Wednesday's press review

U.S. soldiers at the Manas air base, Kyrgyzstan (AFP Photo / Vyacheslav Oseledko)
This Wednesday Russian newspapers explore the Central Asian area of Russia-U.S. relations and look into the effects of the successful lift-off of the Iranian satellite.

ROSSIYSKAYA GAZETA writes that the new U.S. administration, having decided to shift the emphasis of the American military involvement from Iraq to Afghanistan, now fears that it may fail to present the Afghan operation in a positive light to the American general public. As some experts have already hinted at a parallel between the wars in Afghanistan and Vietnam, Barack Obama’s team is looking for counter-arguments.

The paper says one such counter-argument is the fact that in this case Russia is on the same side as America, which makes the situation totally different. The paper continues saying that Washington has been sending signals to Moscow about the de-facto temporary discontinuation of its Eastern European element of national missile defense, which could become permanent if proven financially unfeasible. In such circumstances, writes the paper, the rumours of future U.S. military presence in Georgia most probably represent only the wishful thinking of the Georgian political leadership.

ROSSIYSKAYA GAZETA also reports that as a result of the meeting with the Russian President Dmitry Medvedev, the president of Kyrgyzstan Kurmanbek Bakiyev is going to close down the U.S. base at Kyrgyz airport in Manas which the American military is using to transport supplies to U.S. troops in Afghanistan. The paper says Bakiyev is doing it in exchange for Russia’s writing off his country’s debt and issuing a 2-billion-U.S. dollar long-term loan.

The paper says the Kyrgyz president may count his Moscow visit as a success. Besides, many people in Kyrgyzstan see the U.S. base as a threat to the moral unity of the nation after the murder of a Kyrgyz citizen by a serviceman from the base two years ago, which the American side failed to investigate properly. The paper says that after the loss of Manas the U.S. will have to apply again, now to both Russia and Kyrgyzstan, for support of its further steps in the Afghanistan operation.

NEZAVISIMAYA GAZETA writes under the headline ‘The Manas Air Base under Attack from the South’ that for the past seven years the annual rent on the base that the Kyrgyzstan state budget has been receiving from the U.S. amounts to 150 million U.S. dollars. That, says the paper, explains why Kyrgyzstan had to bargain with Russia and as a result received a two-billion dollar loan on top of a debt write-off.

The same paper writes about the ‘missile race’ in which there are two participants – North Korea and Iran – who do not compete with each other but make separate statements to the rest of the world. The paper says both Tehran and Pyongyang have the same goal: to attract the attention of the new U.S. administration.

Iran’s satellite launch, continues the paper, means that in just a couple of years the country will possess ballistic missiles capable of reaching any spot in Israel or elsewhere in the Middle East or Central Asia – meaning that no U.S. or Israeli military installation in the region is now safe.

North Korea’s preparations for the launch of its biggest missile so far, confirms the rumors and existing intelligence data about the fact that North Korea too may in two-three years develop a fully-grown ballistic system capable of delivering its payload to Los Angeles. The paper says, the only thing experts consider unlikely is that by the time either Iran or North Korea finishes tests of the missiles it will have nuclear warheads small enough to fit into them.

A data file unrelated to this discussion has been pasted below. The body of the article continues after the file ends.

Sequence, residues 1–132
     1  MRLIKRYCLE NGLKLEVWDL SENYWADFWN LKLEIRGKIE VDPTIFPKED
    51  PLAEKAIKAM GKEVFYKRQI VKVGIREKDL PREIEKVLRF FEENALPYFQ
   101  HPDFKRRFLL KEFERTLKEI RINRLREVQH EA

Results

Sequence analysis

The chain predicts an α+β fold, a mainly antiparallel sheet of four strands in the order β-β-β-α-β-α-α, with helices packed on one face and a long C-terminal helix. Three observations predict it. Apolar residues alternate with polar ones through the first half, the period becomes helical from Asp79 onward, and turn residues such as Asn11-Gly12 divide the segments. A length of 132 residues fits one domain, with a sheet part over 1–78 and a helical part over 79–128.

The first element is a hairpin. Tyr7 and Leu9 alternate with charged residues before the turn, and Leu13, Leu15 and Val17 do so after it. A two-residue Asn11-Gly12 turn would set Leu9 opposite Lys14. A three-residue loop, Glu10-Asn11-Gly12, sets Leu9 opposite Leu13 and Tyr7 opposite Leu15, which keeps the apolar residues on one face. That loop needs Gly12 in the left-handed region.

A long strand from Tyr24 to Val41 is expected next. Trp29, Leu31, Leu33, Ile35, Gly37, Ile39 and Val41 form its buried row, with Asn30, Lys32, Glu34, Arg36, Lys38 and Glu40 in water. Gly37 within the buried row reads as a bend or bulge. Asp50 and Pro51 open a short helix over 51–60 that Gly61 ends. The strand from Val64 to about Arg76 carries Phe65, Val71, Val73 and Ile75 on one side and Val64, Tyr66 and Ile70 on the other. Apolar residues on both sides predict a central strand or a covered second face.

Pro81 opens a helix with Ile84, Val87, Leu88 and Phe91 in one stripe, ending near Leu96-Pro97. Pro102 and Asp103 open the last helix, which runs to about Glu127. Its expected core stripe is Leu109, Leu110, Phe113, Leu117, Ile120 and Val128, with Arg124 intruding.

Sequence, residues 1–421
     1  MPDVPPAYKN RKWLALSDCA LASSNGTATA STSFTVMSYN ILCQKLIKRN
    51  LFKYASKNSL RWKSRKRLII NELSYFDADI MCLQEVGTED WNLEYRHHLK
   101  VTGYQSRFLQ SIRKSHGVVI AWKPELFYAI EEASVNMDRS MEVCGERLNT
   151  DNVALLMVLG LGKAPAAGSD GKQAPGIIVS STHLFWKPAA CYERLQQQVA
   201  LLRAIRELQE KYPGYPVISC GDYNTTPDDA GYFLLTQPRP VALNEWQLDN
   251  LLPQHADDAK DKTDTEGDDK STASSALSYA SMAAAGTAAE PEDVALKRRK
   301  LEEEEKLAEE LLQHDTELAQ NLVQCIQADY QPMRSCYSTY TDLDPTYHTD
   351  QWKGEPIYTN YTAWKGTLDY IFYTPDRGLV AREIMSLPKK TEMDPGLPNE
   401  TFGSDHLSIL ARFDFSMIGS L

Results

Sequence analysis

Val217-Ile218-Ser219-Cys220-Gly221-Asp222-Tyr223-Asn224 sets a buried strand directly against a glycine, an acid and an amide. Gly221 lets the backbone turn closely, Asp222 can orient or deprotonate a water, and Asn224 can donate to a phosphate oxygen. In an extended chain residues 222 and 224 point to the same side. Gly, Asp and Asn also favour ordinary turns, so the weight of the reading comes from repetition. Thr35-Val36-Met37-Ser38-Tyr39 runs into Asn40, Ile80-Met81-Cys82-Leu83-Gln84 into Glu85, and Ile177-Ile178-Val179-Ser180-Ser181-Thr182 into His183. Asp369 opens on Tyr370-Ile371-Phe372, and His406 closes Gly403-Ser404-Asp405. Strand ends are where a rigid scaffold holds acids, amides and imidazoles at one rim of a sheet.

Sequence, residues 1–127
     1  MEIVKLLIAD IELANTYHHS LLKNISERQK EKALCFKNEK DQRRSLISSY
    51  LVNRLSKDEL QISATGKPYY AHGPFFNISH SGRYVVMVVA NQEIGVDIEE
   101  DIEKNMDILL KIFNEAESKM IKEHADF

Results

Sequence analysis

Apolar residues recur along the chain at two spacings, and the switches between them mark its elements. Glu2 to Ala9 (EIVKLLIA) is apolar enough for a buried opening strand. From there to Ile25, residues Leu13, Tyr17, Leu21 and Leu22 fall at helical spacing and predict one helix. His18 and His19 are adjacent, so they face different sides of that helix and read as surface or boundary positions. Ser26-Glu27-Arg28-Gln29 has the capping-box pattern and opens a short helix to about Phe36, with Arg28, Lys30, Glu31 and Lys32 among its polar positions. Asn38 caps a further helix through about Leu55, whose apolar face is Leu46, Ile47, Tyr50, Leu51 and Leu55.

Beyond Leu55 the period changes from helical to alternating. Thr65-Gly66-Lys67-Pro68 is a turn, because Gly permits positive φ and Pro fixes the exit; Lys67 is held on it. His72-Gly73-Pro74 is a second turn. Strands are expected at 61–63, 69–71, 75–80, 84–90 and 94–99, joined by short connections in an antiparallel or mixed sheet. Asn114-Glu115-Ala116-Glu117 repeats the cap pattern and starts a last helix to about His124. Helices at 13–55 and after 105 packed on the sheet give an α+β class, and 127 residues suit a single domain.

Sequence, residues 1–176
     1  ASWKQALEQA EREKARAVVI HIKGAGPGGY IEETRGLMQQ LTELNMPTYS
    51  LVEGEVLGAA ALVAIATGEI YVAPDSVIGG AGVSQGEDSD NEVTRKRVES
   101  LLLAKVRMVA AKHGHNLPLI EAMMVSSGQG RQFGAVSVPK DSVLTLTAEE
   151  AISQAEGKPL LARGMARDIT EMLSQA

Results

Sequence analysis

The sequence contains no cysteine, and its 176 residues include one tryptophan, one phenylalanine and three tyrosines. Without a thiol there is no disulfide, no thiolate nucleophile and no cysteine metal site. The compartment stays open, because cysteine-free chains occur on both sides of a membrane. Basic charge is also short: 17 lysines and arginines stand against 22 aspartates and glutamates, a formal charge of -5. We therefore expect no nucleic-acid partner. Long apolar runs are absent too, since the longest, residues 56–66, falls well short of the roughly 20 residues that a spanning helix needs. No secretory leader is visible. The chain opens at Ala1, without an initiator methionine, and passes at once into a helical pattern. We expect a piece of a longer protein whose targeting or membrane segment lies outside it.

IZVESTIA writes that the Ayatollahs of Iran have finally realised their long-time dream of outer space. The paper quotes experts who say there are only two alternative ways events can follow from now on: one, the U.S. and Israel accept the emergence of one more nuclear power in the region, start a dialogue with it, make significant political incentives and seek compromise in the hope that in the near future milder politicians will be elected to positions of power in Iran. That, says the paper, is the way events will unfold around the North Korean nuclear program. Two, Iran needs just two more years to develop the capability to inflict ‘unacceptable’ damage to the U.S. and Israel. That would mean the U.S. and its allies have only two years during which they can ‘solve the problem militarily.’ After that it would be too late. The paper says if the second point of view prevails that would mean the world is on the brink of such a war before which the ‘regime change’ in Iraq would look like a war game for children.

VREMYA NOVOSTEI quotes Russian experts who say that it is unlikely that Iran can produce a delivery vehicle for a long-range nuclear weapon, as technologically it is still on the level of producing nothing more sophisticated than medium range ballistic missiles. Besides, the same experts insist that Iran cannot produce modern nuclear warheads.

KOMMERSANT says Pyongyang is trying not only to attract Barack Obama’s attention but to keep it with the Korean issue as long as possible, depriving the new U.S. administration of the time and means necessary for finding solutions in other ‘hot spots’ on the globe.

The paper considers that the preparations for the launch of a new ballistic missile as well as the intentional escalation of tensions between the two Koreas, are all parts of the plan by the North Korean leadership aimed at squeezing as many incentives, money, food and political advantages out of its American, European, Japanese, Chinese and Russian partners, as would be possible in order to guarantee for itself smooth sailing through the world economic crisis.

Evgeny Belenkiy, RT